“the standard” of Chinese esthetics with the contemporary society Yangmian’s interview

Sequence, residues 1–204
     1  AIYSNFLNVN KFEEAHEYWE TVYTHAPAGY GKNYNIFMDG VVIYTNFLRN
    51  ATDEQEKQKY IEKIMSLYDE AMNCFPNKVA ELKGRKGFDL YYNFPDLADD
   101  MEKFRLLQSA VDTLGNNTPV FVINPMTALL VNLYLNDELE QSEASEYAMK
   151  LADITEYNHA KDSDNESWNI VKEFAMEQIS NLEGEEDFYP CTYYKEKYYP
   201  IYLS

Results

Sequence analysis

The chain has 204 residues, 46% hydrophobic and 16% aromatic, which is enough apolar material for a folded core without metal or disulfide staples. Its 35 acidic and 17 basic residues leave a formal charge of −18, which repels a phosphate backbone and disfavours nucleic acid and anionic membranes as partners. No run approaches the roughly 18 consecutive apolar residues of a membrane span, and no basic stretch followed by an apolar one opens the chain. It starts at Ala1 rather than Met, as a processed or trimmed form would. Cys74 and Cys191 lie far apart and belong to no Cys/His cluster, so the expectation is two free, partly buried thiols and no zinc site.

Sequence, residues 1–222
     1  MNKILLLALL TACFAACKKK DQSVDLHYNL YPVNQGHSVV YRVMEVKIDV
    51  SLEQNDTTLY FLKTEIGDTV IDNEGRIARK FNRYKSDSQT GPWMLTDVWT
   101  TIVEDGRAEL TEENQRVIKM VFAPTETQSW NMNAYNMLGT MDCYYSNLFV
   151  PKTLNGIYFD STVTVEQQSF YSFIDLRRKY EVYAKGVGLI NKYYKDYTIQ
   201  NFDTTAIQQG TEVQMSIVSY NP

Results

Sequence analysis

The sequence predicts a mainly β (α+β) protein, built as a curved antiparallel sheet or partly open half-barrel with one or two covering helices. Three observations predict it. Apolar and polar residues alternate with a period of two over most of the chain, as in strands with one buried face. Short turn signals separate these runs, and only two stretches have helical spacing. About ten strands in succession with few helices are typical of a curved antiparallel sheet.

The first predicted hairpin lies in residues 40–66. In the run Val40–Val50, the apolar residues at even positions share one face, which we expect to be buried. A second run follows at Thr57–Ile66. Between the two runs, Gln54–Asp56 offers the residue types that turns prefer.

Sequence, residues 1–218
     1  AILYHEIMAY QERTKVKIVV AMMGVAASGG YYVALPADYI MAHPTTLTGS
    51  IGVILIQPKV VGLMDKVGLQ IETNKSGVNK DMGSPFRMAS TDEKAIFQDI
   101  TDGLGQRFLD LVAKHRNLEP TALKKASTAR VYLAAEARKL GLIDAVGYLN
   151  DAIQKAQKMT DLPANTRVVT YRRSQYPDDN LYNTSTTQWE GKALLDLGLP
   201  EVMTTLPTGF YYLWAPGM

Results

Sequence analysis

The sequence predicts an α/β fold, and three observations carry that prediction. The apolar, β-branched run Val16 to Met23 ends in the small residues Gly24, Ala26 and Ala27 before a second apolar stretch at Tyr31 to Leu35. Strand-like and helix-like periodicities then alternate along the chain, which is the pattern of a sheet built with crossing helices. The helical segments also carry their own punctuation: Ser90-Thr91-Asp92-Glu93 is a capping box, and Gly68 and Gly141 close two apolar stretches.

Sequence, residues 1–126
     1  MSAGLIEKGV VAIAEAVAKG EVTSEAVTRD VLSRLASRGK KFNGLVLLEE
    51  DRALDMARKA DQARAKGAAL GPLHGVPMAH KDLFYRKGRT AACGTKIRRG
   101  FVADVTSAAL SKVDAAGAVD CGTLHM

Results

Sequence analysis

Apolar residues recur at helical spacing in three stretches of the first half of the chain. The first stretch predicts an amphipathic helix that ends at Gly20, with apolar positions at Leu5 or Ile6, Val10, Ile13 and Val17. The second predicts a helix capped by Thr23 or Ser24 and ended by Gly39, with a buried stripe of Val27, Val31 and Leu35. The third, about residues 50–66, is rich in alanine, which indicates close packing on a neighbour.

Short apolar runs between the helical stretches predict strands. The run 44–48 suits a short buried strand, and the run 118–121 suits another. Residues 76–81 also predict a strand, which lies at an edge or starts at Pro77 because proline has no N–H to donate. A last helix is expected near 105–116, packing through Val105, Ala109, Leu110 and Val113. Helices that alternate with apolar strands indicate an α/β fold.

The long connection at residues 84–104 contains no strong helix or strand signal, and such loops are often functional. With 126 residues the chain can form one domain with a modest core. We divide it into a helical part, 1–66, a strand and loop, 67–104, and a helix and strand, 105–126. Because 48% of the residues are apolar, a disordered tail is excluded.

Time: 8:47 pm on Mar. 2nd, 2006 Venue: Cantonese Restaurant on South Huajiadi St. Beijing Interviewer: Liwei and Hanweihua H: I have an art album of your former art works. As for the strength of itsinfluence and spread, the effect of art works in the professional living art exhibition is a far cry from that in the album. This is a very interesting album. Besides, it is very unique in the circle of the contemporaryart. I wonder this album at hand must be “the standard” of esthetics in YangMian’s eyes in 2003. Then what about in 2004? Now it is already 2006. How about your latest findings? Y: I have the habit of straightening out“the standard” of aesthetics brought up from the society in the coming year. Normally, I narrate itfor the last year. Today I’m going to narrate “the standard” of Chinese aesthetics for 2005 and accordingly to put forward some questions. H: May I know how long have you been doing like this? Y: Three years. H: However, the recent three years have been stormy and astounding even a little “abnormal”in Chinese art market Among the subtle changes on the aesthetics in the last three years, which one do you concern most? Y: However, I don’t think it is abnormal or weird among Chinese art market. On the contrary, I think it is extremely normal. And I hope it will become much better. The last three years or even earlier than that, Chinese was in the state of moving forward very quickly. But if moving forward is so fast that it might raise some problems in the society. Although we have good teachers in China, we don’t have good disciplines. If this cannot push the society moving stably, the rest of aspects in China are probably the same, so is the standard of esthetics. Take the standard of beauty as an example, what kind of appearance is for a girl to be the most beautiful in China? If the movie star named Linyu Ruan is a typical model in early 30’s in China, what about now? Y: I pointed out three things in one of my essays in 2003 that need more attention. First, it was obvious that we saw many movie stars from Kerea march into the product spokesman field of advertisement since 2003. Secondly, the economy of beauty played a significant role in Chinese economy in 2003 that is a year of the beauty contest. Third, the advertisement on many media was full of cosmetic surgeries at the end of 2003. At that time, if you were brave and rich enough, nothing can stop you from becoming beautiful. Where the problem of Chinese esthetic towards Chinese female lies? We’ve seen the changes of Chinese esthetics in these years, though. First, we adore international famous half-blooded movie stars such as Sophie Marsu and Phoebe Cathy for all their orient favor granted by god. They are very popular in China. Compared with their appearance, Chinese movie stars can never live up to that standard. Because our nose can never be as high as theirs; our double-fold eyelids can never be as deep as theirs; our eyes never as big as theirs, our lips never as sexy as theirs, our bubby never as plump as theirs and so on. Actually this is not fair if we compared them together. It is even very strange. It shows that the current Chinese esthetic I mentioned above has already gone far away fromour own genetically traditional standard. That is exactly where the problem lies. Why should our esthetic lean forward like that? We should think about it, I think. The artist has to rethink it, so do we. Therefore, I’d like to put my art works esp. into wherever the aesthetic standards go with Chinese standards. It may provoke those who share the same view on Chinese aesthetic standards to think. Every year we will review it once. This is why I held this exhibition and why I invited them in. Y: Nowadays, in the advent of the standard of esthetics I mentioned earlier, it is no doubt that the it has already had a huge impact on us since there are tens and thousands of cosmetic hospitals established in the name of Korean surgery technique. Almost all of the girls you meet on the street would like to go for the cosmetic surgery; at least they would like to do the double-folded eyelids. Nearly all women nowadays about forty years old have their eyebrows done in the beauty salon. I ever asked one girl about her feeling of her tattoo on her eyebrows. She told me that it really hurt while the needles repeatedly made circles on her eyebrows exactly like tailoring on the sartorial machine. However to get rid of the tattoo is much more painful than to put it on. Y: Cosmetic surgery makes every beauty looks the same like Korean. There is no difference at all. Their noses are the same since everybody picks the same model. However, we need to establish our own Chinese esthetic standard. We should have had more nose models like No. 2 nose or No. 3 and so forth. One of the function of the art aims to put forward your opinion on the issue of the current social esthetics and to help people rethink or discuss about “the standard” of esthetics and let it go back to be comparatively normal, esp. from the social meaning point of view, it is crucial. For instance, I’ve been doing this since 2003 by selecting 5 typical models as annual esthetic standard from the advertisement for people to discuss. I’m serious about it and I promise that I will keep doing it every year. When we look back on our art works or art album in 20 years, then we can see clearly that Chinese esthetics must be changed during the 20 years and “the standard” is uncertain and changeable in China. Perhaps young people follow Korean fashion this year then Thai fashion next year and will most likely change to Singapore fashion in the future. But when will they discover their true selves and follow their own true selves? As for Chinese girl, most of them traditionally think a beautiful girl must be white-skin-oriented since white skin can ignore the rest of defects. But don’t forget we are yellow race. My art works and the things I’d like to do must have something to do with the society, that is to say, contemporary art is, to some extent, the reflection of the current culture itself. H: Well, is it your cutting point? Y: Yes, you are to the point. L: The standard of Chinese esthetics changes obviously and it goes more specific in recent two years. But it makes no difference during the last three years. Your art seems to present in the state of being sweet by using the hue of light color. But a critic is behind the scene. Is it a critic in a sweet way? Is it required to show in that way from the “standard” sample itself or art itself? What leads to attract the attention of the society or the artists? Y: Now let’s talk about the meaning of art. It contains two aspects. One is the art towards the society and the current culture. Another is the art towards the art itself, that is, the history of the art. Y: One of the most important points in the contemporary art is the concept of the art, I think. One of the functions of our art is to drive forward the history of the fine art, even a little. Sometimes you have to doubt whether the art reflects the times or not when the art you represent has nothing to do with the society. For example, No steel no modern architecture, there never be. The modern art always goes hand in hand with modern industry, let alone the current culture. Today, does your artwork have to be shown as exciting as the society itself? Ok, let me give you an example. I read a report on an exhibition of American museum early on; Jeffrey’s big reviewing show called “The brilliance of fifty years”. Among them, there were a series of Jeffrey’s artwork. His neo-expressionism was truly exciting. Can you guess what would it be like in the next exhibition held by an American young man? Hundreds of people were eating pig’s inside in the hall. It was thrilling, wasn’t it? Eating pig’s inside is unacceptable in America, but it is acceptable in China. How different the norm of different societies is! When facing the current situation of our society, I have to represent my art in an acceptable way and put my opinion on that phenomenon in a critical way. H: You mean doing that here? in chengdu ? in China? Y: Exactly. You can see almost all of my artwork appears to be close to perfect and concrete. Everyone asked, “Who’s this? ” “Who’s that? ” They seemed to sound uncertainty. That’s just what I was trying to do so. I wonder who he might think it could be and why. All of them asked me the same question why I put that stroke on the picture? I answered it thousands of times. H: Why? That’s for labeling on your art? Y: Not at all. This is not a signal, nor a token. I’m thinking that one thing we need in our art is an access for the audience to get inside of your art and meanwhile for the artist himself to communicate withhis audience. At the moment, I’m more like a sponge to absorb their opinions. Instead of answering their questions one by one, I would like to kick the ball back to them by asking what he thinks it is. Some says that stroke is very exciting; perhaps others may think it as another stuff or something related to advertisement; the funniest answer of that stroke is to be thought as using a dagger to get what other people like most in a rude way. Ten thousands of people may have ten thousands of opinions. What my artwork matters is to get as many opinions as possible from my audience. At least there are a thousand of comments on it. That is what the contemporary art makes sense to the society. H: Then that is your original thoughts, right? Generally, the audience sees a style as your token through your way of dealing with the image of your picture or your concept you are trying to convey through your picture. No matter how the comments from audience are, good or bad. Anyway, the relationship between the audience and the artist is special. Y: Sure. It is easy for the audience to regard the contemporary art as stylism; so the contemporary art is tricking. L: The cover of this art album is tricking too. Y: The stylismis exclusive to the artist of the modernism. The stylismin the artwork of modernism means nothing today. Actually I don’t want my artwork to be very visualized. When I think I need a finishing touch in my art, there’s one in the picture. If not, there’s nothing in it. The important role this finishing touch plays is to provoke my audience to think what I want them to think. L: This is the process of how the stylismfades away in the contemporary art; and it is not the point today. Y: We often ask if the artwork is connected with the society when discussing about its significance. I wonder if I as an artist could use my special personal ability to contribute to the process of the construction of our society. If every artist thinks like this; if everybody in China thinks so. Our society will definitely make a huge progress. L: This is eveyone’s conscience and responsibility for the society. You, as an artist, found there was such a big issue brought to be concerned in your field. You are virtually putting forward a social question. H: As far as everybody knows, everything should start from one. If starting from 3 and 4 without one and two, it is obviously abrupt. Unlike China, the art history in the west was also blank about hundred years ago but still was formed systematically later on. Perhaps the other non-European countries might be the same. However, Chinese artists have a word to explain it: your artwork must be related to your society, which guides the artists grow up fast. What makes you have such a way of thinking? Did your education you got from the university influence you on the style of your artwork? Y: No, it didn’t. For me, education in the university is simply compulsory. It is very risky for a good artist not to teach. The reason I said that is simply because art education and art itself are combined into one. They are too close. No one could teach a good student if he doesn’t have a good concept on the art. Talking about the issue of being on-the-spot, to my understanding, on the spot in here refers to contemporary. What the contemporary is driving at? It is not the exhibition hall. In fact, it emphasizes the connection between the modern society and the art. H: Then it is formed during your study? Y: Oh, now I’m too old to study. H: In the early stage of your study, you must have a solid basic on the art. Y: It was very tiring when I studied in Contemporary Chinese art in the university. Before doing that, I must spend a very short time finishing the course that was supposed to be taken about 20 years in the west. In the very beginning, we can simply understand the art history through the text; no evidence at all. During that time, we have to digest what we’ve learned from the art history then define our own artwork. Some students decided to finish their own artwork that only related to the art history or Chinese art history after that. However, I found that there was few artworks in the art of modernism in Chinese art history. In addition, few artists chose this field. Although Academic thoughts on it are not intense, you cannot deny it. If I’ve never had such an experience, I refuse to accept it. That is another issue. You know there must have been the modernism to the present since it started from classicalism on the basis of academic frame. Some say no. Then you have to experience it by yourself through your own feelings. In fact, you have to know to how to deal with the relationship between the art history and the society and your own art. But before doing that, you have to take the following options into your consideration and you’d better integrate them all. What kind of artwork are you trying to make? What makes sense to your artwork? What’s the meaning to the art history? H: I can tell easily from your work that you are very sensitive to the contemporary critics. From the shape of the 90’s architecture your comments on, it becomes a popular topic as everybody talking about the shape of the Chinese building just like a person often put his hat on. And I found it is just presented in your painting, I wonder it must be your speculation existing along in your artwork. Y: Yes, it is. Sometimes we are over-simplified. For example, a house in ministry of communications needs to be in a Chinese style. What would the Chinese style of building be like? Is a Romanesquebuilding with a big roof very Chinese? Definitely not. Early on the 30’s we’ve seen lots of houses like that. Even now we can still see the buildings with grey bricks in Sichuan University. They look very simple. It is a mixture ofGothicwindows andRomanesquepillars together with Chinese grey bricks and tiles. Why I said it over-simplified partly because we didn’t build our traditional Chinese essence into it. Neither did Chinese esthetics. It seems that Chinese esthetics feel like being classical. One of the features of classicism is being perfect. On the whole, Chinese society always expects to be perfect and thinks perfection is beauty and vice versa. H: Is it a matter of education? L: The definition of being classical is to respect the classical art and learns the traditional methods. To my understanding, being classical means it cannot innovate. If someone thinks one thing is beautiful, then he just put it together with something else without doing anything new. As a matter of fact, not being classical is a reverse of being classical, that is called rebel. Why don’t we think of a better way of engrafting to make a good bunch of flowers by ourselves? Y: We may think it beautiful at the beginning when we bought the house. Then we may not like it any longer later. This is due to the lack of Chinese esthetics. Furthermore, nobody guides us to go through the history of Chinese esthetics. We don’t know what would the contemporary esthetics be like. The answer to this question is beauty of having a property right of knowledge. H: To sum up, it is the direction of education that counts. L: So does the society. Y: This is the whole process of social learning in which our education is more like a small bunch of flower found in a huge nursery garden. What is on earth the education relevant to the esthetics here? In the broad sense, Chinese esthetics is lack of democracy. Let us narrow down simply to the layer of spirit, I think, Chinese artists should be more practical and provable, which may have a big effect on the society. Why is everything including TV program shown in a text way very important in China? Our daily life is always in the state of the text. Even the TV program we watch is processed not alive. So is education. We never prove the information we get that is true before we take it for our knowledge. That’s why I often ask who he is and what you think he is on my advertisement. You know what, all advertising has been done in the studio before it is on TV. Nobody in real life could be as perfect as one on TV advertisement. And he will never be. If we use advertisement as our standard when buying cosmetic products, we will never be satisfied. Like a flower in a huge garden I took as an example, we always focus on a small flower, make it bigger and think the rest of flowers the same in the huge garden. That small point is exaggerated to cover up the facet. Text is so focused in China that it does harmful for us. I think, there is one important reason. Because there aren’t any concrete objects displayed esp. for the history of Chinese civilization in the museum or in the exhibition. What impressed me most is that there is a Germany museum in Mulihei where there are lots of stuff like planes, ships and cars. Everything there is anatomical. You can clearly see what the whole process of making cars looks like. If you need a trademark of Benz, you can get it simply by pressing a button. H: The whole process? Y: Yeah, exactly. The trademark of Benz will be in your hand with one coin. What if we had such a museum when we studied Chemistry and Physics in high school? We would just go and study while we had fun. But the truth is it takes us nine years to learn the theory only. The way of our education is in the text way. In other words, it is mechanical memorizing. H: Examination-oriented? Y: I call it text-oriented. It is in a text way and needs to be recited mechanically. But where are you going to prove it without any text. H: What about yourself in the school? Y: There’s no exception for me. I did well when I was in school because I spent a lot of time memorizing. Now I’m a teacher. I told my students that don’t follow suit as we did in the past. If they spend all their time on finishing their homework, they will definitely get nowhere. But if they have broad interests, they can go for any interests they like in their spare time. Then they can have that knowledge in store for any trade they would like to get involved in the future. L: Did it have anything to do with your experience in that museum? H: Although there are a comparatively big proportion of successful artists in Sichuan University of Fine Art. Few artists become famous in the end. My question is what brought you to the stage of being successful and how? Y: Well. I don’t think I make a hit though. H: In the eyes of bystanders, of course, you are. Y: Ok, I have to admit that I’ve been working so hard to be an interesting artist and to make my art meaningful and driving for both the art history and the society if possible. There is still a long way to go, but I won’t give up. H: Setting a goal is very good when you are in school, isn’t it? Y: Certainly. Sichuan artists, to some extent, can always succeed in others’ eyes. If I belong to one of that group also in others’ eyes, I have to say there is a good art tradition in Sichuan. So is the contemporary art in Sichuan. All the artists are both friends and competitors at the same time. H: It seems that this standard is much higher. Y: Yes. Just because of both friends and competitors, we will spare some time together. Although everyone is doing his own art, he won’t be alone on the way to pursue his art. Because there are many people like you standing aside with you to support and in the meanwhile to compete. H: Who influenced you most in the course of your study? Y: I went to university a little bit late. At that time, I was 23 years old. Actually many teachers and I are of an age. L: I knew it was very hard for one to go to Sichuan University of Fine Arts in those days. Y: I was so lucky that I started to rub shoulders with young teachers such as Xiaogang, Yesuai and Wanglin at the end of 1993. Also, they are the most interesting artists in the university. Moreover, Chinese contemporary art began to be active and was in a multiple history era at that moment. H: What brought you to be with them? Y: My dedication to pursue the art, I suppose. Other than that, they are always willing to help the young to grow up since we were in school. When the contemporary art had a turn for the better, Zhangxiaotao, Liaoyibai and I held a show called “Personal Experience” on purpose to go against another show “Chinese Experience” designed by Wanlin together with many prestigious artists like Xiaogang, Yesuai etc. At that time, we were in our twenties and they were in their forties. The show did matter to me. On one hand, it realized one of my dreams of doing an art show. On the other, it untied a knot of my personal emotion on an unforgettable time. Then I gave that artwork a name “The Sacrifice of Water lily” referring to the death offer a sacrifice towards beautiful life. It was a hit at that time. H: Was it an important show in the university at the time? Y: Yes, it sure was. Since then, I started to do more new things. H: It indicated that you started to convert the theory to forming your own art, I bet. During that time, Xiaotao and you were much closer, weren’t you? Y: We are good friends and we are close. I started to pay close attention to tradition at the time. H: What led to your change? Was it a word, a conversation or something? L: An art methodology, at that time, we all agreed that one should first solve his own problem by his artwork and then solve the problems for the society. As it said, my friends were happy for me because I did first solve my personal problem through my artwork. And then, it must be much easier for me to face the current Chinese culture and to do whatever art, I think, it is more meaningful for the society. There’s not personal emotion put in the art any longer. H: When did it start for someone like you? Y: In 1997. H: There must be a big gap between classicism and contemporary art, right? Y: Right. I remember there was an artwork that compared the tradition with the present earlier in 1996; the painting at that time was relatively bright and gorgeous. Besides, Chinese advertisement industry was not fully developed. Therefore it was not easy for us to get information or resource to do the advertisement. H: If my memory serves, the bright-colored painting was not the main stream in 1996. If your painting had a tendency to be like that, it must be considered vulgar. Y: Yeah. Someone made fun of my work by judging it as vulgarity. But I said that my work was neither gorgeous nor vulgar. It was elegant instead. In fact, I did an artwork of graduation in 1998. In that artwork, I tried to compare living reflection in traditional culture with that in modern culture. The idea was originally from Zhoufang’s “The lady with her hair clasps” in Tang Dynasty, in which it reflected the angle of the nobleman’s life in Changan road. In order to finish my graduation artwork, I took a lot of girls’ photos in Chongqing. And at that time, the contemporary art emerged on. It was the right time I did my artwork and meanwhile I was very pleased to meet Harrison. All of a sudden, I as a student had done pieces of artwork, I think, good to be shown. And I, together with Xienanxing and Zhoutiehai, were lucky enough to get the award for No. 1 contemporary art and comments on our art. The award was only given to those who were under 35 years old. H: Now you became popular than ever before. Y: Well, three of us have clear direction of the art. But we are different. H: Each of you has different and independent thinking. Y: Yes, indeed. Some are trying to solve international problem; some are more pure academic; some care about the history of fine arts. However, what I care is to solve the Chinese problem. Three of us set the different goals. We’ve been doing that and will continue it on. H: Your painting reflects the real you - your delicate appearance with your critical way of thinking and talking. It seems right that painting is consistent with the artist himself. Since one always reflects his recognition of the society through his painting. Y: I don’t care about the result. What an artist should do is to run after his art with a lot more freedom and hardworking. H: It has a clue from the painting “charming the standard” that your major is in oil painting. On the whole, it was good. But for some reason, the portrait in the painting is not good. What’s for? Why was it like an examinee’s painting? Y: I myself am analyzing it while we are talking. Now I would like to bring forward a question of image painting. I personally think, the academic direction of image painting applies itself to the vague limit between image and painting. What’s the definition of image? Image art uses an image language, a shot language and a video language creating independent and flowing spaces. H: Bring out a false image? Y: However, painting uses a painting language to complete the component reality in which there are many ways of language to solve the problems of the composition, the component and the image if it is a concrete art. But In my accomplished paintings, I hide the elements and skills of painting as much as possible to produce the space language of painting. I use two dimensional painting skill to create the uncertainty of space. H: Is it the choice of your language? Y: Yes. H: What’s your skill in painting? Y: As I mentioned the above, I try to hide the elements and skills of painting as much as possible to produce the space language of painting. This is the academic direction of my art. I use two dimensional painting skills to create the uncertainty of space. That’s why any kind of composition of a picture in my painting is possible. H: Then you just compose your painting go as you pleased. Y: Yeah. Any kind of composition of a picture is fine with me. H: Well, how about the text style? Y: Of course, the text style is not like that. But for myself, I can do whatever I like to do in my paintings; even I can simply draw one hand in it. L: My first impression of your artwork is a series of portrait I called. You must ask why I have the feeling like this. For there were many artists taking up with this portrait by showing their own concept. As far as I know, the source of portrait comes from image. And I found yours looked different, which might give critics some fresh idea. Y: Actually I’d like to compare notes with critics about academic issue. However, everybody should be interested in the issue we are going to discuss. Now it seems hard to have so many people all together to discuss. You know, people in the academic discussion are elite in the art market. They can see through all of your tricks. Then what are we going to do? Do it in a bright way, of course. People might think so. But no one will speak it out publicly. There is one thing that needs to be clarified; it would be very shallow and terrible if someone confuses the artist of information with the artist of image. Image painting is not that shallow at all. L: Nowadays, making the edge effect of a painting less clear and blurred catches on. Do you ever have intention to keep your artwork distance from it? Y: In the pursuit of individualizing my own art is of utmost importance. I’ve been doing it since 1997. So has everybody else. The reason everybody does so is because early in 1997 the edge effect of a painting is not smooth at all. L: It seems that the art style in the art market like yours is prevailing in this year. Y: Also in 1997, many people drew advertisement and signboard. Most of them don’t know what’s the link between advertisement and painting. They simply regarded drawing advertisement as a job not a pure art. Let me ask you, what do you think of a linkage Andy’s artwork with the print of his artwork? Andy’s artwork is an academic issue, however, his print is a commercial issue. L: The style of your artwork upon your graduation is like that. Y: Yes. L: The style of art had already been shown by Wangguangyi and Liuwei earlier in 1997. What inspired them at that time? How do you think? Was it from mass media? Was it from pop art? Furthermore, what do you think the link between mass media and pop art? Y: To be frankly, the style of Wangguangyi’s artwork was ripe at that time. You can strongly feel pop art there. So was Hamilton’s. But at that time what they cared much about was the state of their own spirit, what’s going on there in their daily life, what’s happening and what’s about to happen on the big change of the phenomenon of the culture. It was the new explanation of history itself. However, we are not. I’m not going to comment anything critically here. What I’m trying to convey is that we should care about the thing happened right there right now. Talking about the history is historian’s job. I didn’t mean being a historian is not good. Historian does make a contribution to our society. But my point here is to let you know what kind of artist you are going to decide to be. L: It is the process of exploring and asking yourself for. Y: Keep on exploring it! L: Did you publish your artwork when you were in the university? Y: Yes, I did. And I got the award of No. 1 Chinese Contemporary Art. L: It is said that you cannot get any high marks or even graduate if you don’t follow your teacher’s teaching system in some colleges of Chinese University of Fine Arts. Isn’t it? Y: As I went to university a little late, Wangdatong, of my age, was our teacher. We spent a lot of time together chatting and eating. We became friends. The things went well when I was a student. L: Wangdatong, his work “shine after raining” was your tutor for your artwork on your graduation. H: Is he the teacher who has become very famous during the Cultural Revolution? L: Yes. It’s him. He named his artwork as “shine after raining” relevant to the Cultural Revolution. At that time, Gang of four was collapsed. If you were in Chinese University of Fine Arts at that critical time, you would do whatever your teachers told you to do. H: Fortunately, I was in Sichuan University of Fine Arts. One out of eight big universities in China, Sichuan University of Fine Arts is exceptional. Teachers there are allowed not to follow the route that was supposed to go. Moreover, they can even “make a mess of ” their artwork. L: The students in Guangzhou University of Fine Arts are totally different from each other. One student one way of painting. No style, no tradition at all. But their teachers’ recommendation played an important role upon their graduation. Y: The relationship between the artists in Sichuan is like friends. We appreciate each other; we encourage each other and we compete each other. L: Now almost no one in Sichuan University of Fine Art does like that. H: That is too hard to be like that. Ok, let’s go to another simple question. Did you drawing the painting by hand or by slide? Y: By slide. There’s no shadow in my painting. Anyway, the component is not the academic direction of my art H: You must paint most of time by hand in the past. Y: Most of them are done by slide since 1999. Y: Painting by slide is more flexible. You can do as you like. If you want to transform something in the picture, you can. You might as well keep it in a former way if the result is not good. H: What if the others also choose the same resource of image and do the same through computer? Y: First, it won’t happen. Secondly, don’t be afraid even if it does happen. From the art point of view, everybody could do it. It only matters who creates the value of the art. H: Yeah, that’s true. Would it be a pity if you gradually give up the way of painting by hand you used to take in your university? Some people might ask. Y: I won’t give it up. As I mentioned earlier, I just cover it up. Did your tutor have any special requirement of your graduation artwork? What should it be like? H: It is only required that we need to create the art value ofour own. L: Is it? Y: Yes. We are never asked to draw what we should draw. L: Had you ever held a big exhibition when you were in school? Y: I only had it once. But it is not a big exhibition. H: When did you start your style of art? Was it in 1997? Y: It was long time ago. But it becomes more and more apparent now. H: There must be a direction that guides you to go through your opinion. Y: What really hurts is because normally you cannot reach “the standard” of beauty. H: Is this your original thought? Y: Yes. Visually I use two dimensional painting skill to create two layers of space; a background is behind. I also draw the graphic painting of the construction. H: This is called “reverse-painting”. Basically no one knows how to do it. Y: We can define the art widely. H: Now the society is changing and expanding and more tolerant. However, if it was seven or eight years earlier from now or went back to the times of impressionism, painting by slide is not regarded as pure art. Y: It is evident that the society is changing that to regard someone selling eggs as “a businessman” in 1980’s. But they are now only called “vendor”. L: When was your first time to participate in an important big show? Y: The first one? L: Yes. Did it have a significant impact on your future? Y: My first personal show was in Chengdu Art Museum in 1997 and meanwhile it was also a special show “personality series in the urban” designed by Wanlin. There was another show “Personal Experience” made by me and other two classmates before graduation, which is very important to me. L: When did you start to sell your artwork? Y: The first time was in 1998. My biggest picture about 220*70cm*9 size sold USD 6300. L: Wow! It’s a big deal, huh? Y: I told them that I was awarded the Chinese contemporary art in 1998 and I had a pleasure to meet and chat with Harrison Simon who had ever written for a few contemporary artists including me. One year later, I began to collaborate with Chinese Art Gallery. L: What about your graphic painting of architecture? Y: I started it in 2000. L: So is your portrait painting, right? Y: Yes. L: You started your portrait painting when you graduate? Y: Sure. L: Continue it on till now? Y: Since then, my art became more and more flexible. H: Most of your artwork is shown in two-dimensional way. What’s next in the future? Y: I will keep it on until one day I think “the standard ’of Chinese aesthetics becomes normal. I often told my collectors to collect one for each year on a series if they have an eye for art. H: Every stage? Y: Sure. One for every stage. All his collection would be the mirror of the changing of Chinese esthetics history. It must be very interesting esp. for those who want to have an art museum. L: Ok, let’s revert to the art market. You know, there are many channels to support artists like media, art gallery etc. in the art market. Which one do you prefer, art gallery and auctioneer in China or abroad? Y: I’m in favor of doing whatever we could do to improve the system of Chinese art market. In the past, most of our artwork had been sold to abroad. Basically those overseas collectors won’t sell them out again. From this point of view, it is a good phenomenon. But it is also not a good phenomenon. Why? You must ask. It is because there are few sold in china. The things changed last year, though. But it is still a big issue in China. It is big but more importantly, what we can do now is to catch more Chinese people’s eyes by our contemporary artwork and to let them realize how important contemporary art is for now. Only contemporary art can pave the way to international art market. L: In terms of the function and the influence of collection either in China or abroad, what’s the difference between them and which one is bigger and more important in your mind? Y: Compared with Chinese collectors, overseas collectors pay more serious attention to the value judgment of the artwork and they have a liking for contemporary art plus Chinese culture when they buy it. However, as for a good Chinese collector, they are very ambitious that they hope what they collect can make a difference towards the Chinese art and push it ahead. Therefore, we hope more and more Chinese collectors can undertake their responsibilities to set up a better system for our Chinese contemporary art. After all, only Chinese ourselves can push on our own art and culture. But now we still lag far behind. H: If China is like America, anything related to paper or text that is thought to be a good thing in China must be rising. Y: Since there is a lot of fake artwork in the market, it is essential for us to do is to improve the system esp. for the procedures of identification. H: Which art gallery has a closer collaborating relationship with you? Y: It was Shangart before. H: Was it the same one with Zhoutiehai? Y: Yeah. I think they did a good job. H: Are you going through the Chinese esthetics for 2006 now? Y: No. It is for 2005. H: Does it make any sense if the standard of Chinese esthetics you put a question to is not taken seriously in the society or cannot be solved in the society? Y: Even if I know many problems cannot be solved. But I think raising a question like that for the artist is a matter of their attitude towards the art as well as the culture itself. Actually it is also a question of sociology that needs everybody to solve it all together. As for myself, I don’t have any personal problems. The reason I did that is because I want more and more people to realize the truth. Maybe others can have their ways of doing that. H: Which part of your artwork, do you think, attracts your audience? Are they more interested in the painting itself or anything else? Y: From collectors’ angle, I think my artwork is exceptional and unique. You know what, it is very hard for an artist to make a breakthrough today in such a good Chinese art history; even it is small though. One collection stands for one period and so artist makes art history more colorful. The current artwork is just an art phenomenon, but who knows, maybe it would win a place in the art history. However, from the ordinary’s angle, it has nothing to with the art history. Perhaps he identifies with your value of academics and society. Or your question makes sense to him. Then he bought it. Anyhow, there might be many other reasons for them to buy your artwork.